This afterlife is not a rebirth or a reincarnation into another body here on earth. It is either eternal suffering in hell (Matthew 25:46) or eternal life in heaven with Jesus, who died so that we might live eternally with Him. This should be the focus of our life on earth. The apostle Paul wrote in Galatians 6:8-9, "The one who sows to please his flesh, from the flesh will also reap destruction; but the one who sows to please the Spirit, from the Spirit will reap eternal life. Let us not become weary in doing good, for at the proper time we will reap a harvest if we do not give up."

Finally, we must always remember that it was Jesus whose death on the cross resulted in the reaping of eternal life for us, and that it is faith in Jesus that gives us this eternal life. Ephesians 2:8-9 tells us, "For it is by grace you have been saved, through faith—and this not from yourselves, it is the gift of God—not by works, so that no one can boast." Not of works, as of our own growth, or from ourselves: but as from the grace of God. Therefore, we see that the concept of reincarnation and karma is incompatible with what the Bible teaches about life, death, and the sowing and reaping of eternal life.

Some Major Problems With Karma

Concerning karma, the concept doesn't make sense because if for people to "get back what they put out" or as said, to have negative or positive consequences for a financial act, and for everything they do, karma would have to be alive and have a mind and be intelligent and know right from wrong, and have the desire to judge and punish or reward or give consequences. Even if karma were not that specific, it would still have to have intelligence in order to do such things. How can a non-living thing, like a rock, tell the difference between a good or bad act, or good or bad speech? Further, it would have to coordinate all of the "positive or negative" things it did to people so that each one got what it deserved, otherwise it would be chaotic and nonsensical. On top of that, karma would also have to deal with giving positive or negative things to non-human things, even aliens if they existed (what most people today believe to be aliens, are in fact demons). How could a non-living thing, unless it was programmed with future events, know how to respond in every situation? And how is it able to manipulate every single thing in such a way that everyone "gets what they deserve" or "gets What they put out"? It would have to be a computer far more advanced that we can comprehend, and the one who programmed it even more advanced since it would have to know how to program such complex tasks and would have to have the power to give the computer such power to manipulate the countless things in this universe so that everything came out as the programmer wanted it to. Karma then wouldn't be karma as Buddhists, Hindus or New Agers claim it is, but a tool of a being who would be best described as God, and who has destined all things already since this karma machine would always achieve its goals. And no Buddhist, Hindu or New Ager has ever even hinted that karma fails. And even if it didn't always work out, what would their point be? It would be self-defeating to argue that since they would be admitting that karma isn't just, but unfair, and it wouldn't explain how karma knows what to do to a person for their actions, how it knows a good thing from an evil thing.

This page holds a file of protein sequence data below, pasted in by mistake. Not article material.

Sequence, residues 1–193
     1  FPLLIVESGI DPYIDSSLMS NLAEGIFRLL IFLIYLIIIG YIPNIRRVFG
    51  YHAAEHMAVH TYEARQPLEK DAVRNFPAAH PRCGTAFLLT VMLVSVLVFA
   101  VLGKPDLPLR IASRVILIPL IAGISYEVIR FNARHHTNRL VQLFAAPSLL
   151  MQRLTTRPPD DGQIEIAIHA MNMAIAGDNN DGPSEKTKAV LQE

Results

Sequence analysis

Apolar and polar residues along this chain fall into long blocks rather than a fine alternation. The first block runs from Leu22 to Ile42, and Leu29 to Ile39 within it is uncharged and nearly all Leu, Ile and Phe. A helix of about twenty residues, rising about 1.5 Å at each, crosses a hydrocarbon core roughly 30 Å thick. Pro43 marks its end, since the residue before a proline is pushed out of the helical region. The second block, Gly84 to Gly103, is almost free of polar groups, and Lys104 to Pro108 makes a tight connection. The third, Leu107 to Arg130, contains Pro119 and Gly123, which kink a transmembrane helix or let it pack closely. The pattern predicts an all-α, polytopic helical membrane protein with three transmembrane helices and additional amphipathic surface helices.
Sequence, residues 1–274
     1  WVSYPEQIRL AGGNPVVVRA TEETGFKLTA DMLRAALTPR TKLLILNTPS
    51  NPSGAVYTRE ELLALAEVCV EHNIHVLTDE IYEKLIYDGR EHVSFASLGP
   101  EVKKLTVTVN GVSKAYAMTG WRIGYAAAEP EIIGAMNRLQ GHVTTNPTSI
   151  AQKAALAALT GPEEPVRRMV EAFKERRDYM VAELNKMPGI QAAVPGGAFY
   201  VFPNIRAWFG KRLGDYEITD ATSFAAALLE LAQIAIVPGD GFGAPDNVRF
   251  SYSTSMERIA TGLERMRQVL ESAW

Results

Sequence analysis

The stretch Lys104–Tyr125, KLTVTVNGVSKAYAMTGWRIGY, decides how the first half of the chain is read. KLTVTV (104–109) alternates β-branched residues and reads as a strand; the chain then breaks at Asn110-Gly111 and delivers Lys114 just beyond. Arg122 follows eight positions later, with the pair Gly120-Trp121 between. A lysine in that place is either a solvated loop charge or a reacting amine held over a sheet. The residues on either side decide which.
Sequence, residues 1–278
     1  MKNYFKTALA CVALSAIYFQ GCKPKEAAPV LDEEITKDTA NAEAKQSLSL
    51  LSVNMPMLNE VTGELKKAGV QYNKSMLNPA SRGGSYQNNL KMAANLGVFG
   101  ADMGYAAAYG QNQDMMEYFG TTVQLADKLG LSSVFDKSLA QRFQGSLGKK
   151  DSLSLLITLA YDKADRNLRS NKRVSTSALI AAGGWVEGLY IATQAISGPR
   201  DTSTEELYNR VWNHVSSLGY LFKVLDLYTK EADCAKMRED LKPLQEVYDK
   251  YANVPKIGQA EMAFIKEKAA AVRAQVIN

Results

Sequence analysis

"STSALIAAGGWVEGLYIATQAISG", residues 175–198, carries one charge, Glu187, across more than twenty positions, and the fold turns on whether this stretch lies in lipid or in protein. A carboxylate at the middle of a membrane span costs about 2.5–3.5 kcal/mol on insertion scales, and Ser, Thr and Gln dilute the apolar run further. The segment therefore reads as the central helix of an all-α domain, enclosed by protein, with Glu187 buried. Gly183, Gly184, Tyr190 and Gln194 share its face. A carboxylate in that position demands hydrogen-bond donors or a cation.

Another problem with karma is that it justifies any evil act committed against another person, because according to the doctrine on karma, whatever bad thing happens to you, you deserve. So if a baby or little kid or anyone is abused in some way, sexually or not, or murdered, it was because they deserved it. Is that true? According to the Bible even a person who is suffering or who is in need or handicapped, isn't always suffering or in need or handicapped because God is punishing them, but sometimes to test them (as evidence for or against something, like if they are patient or impatient, good or bad), or to show his love through them, like when Jesus healed various people who were handicapped.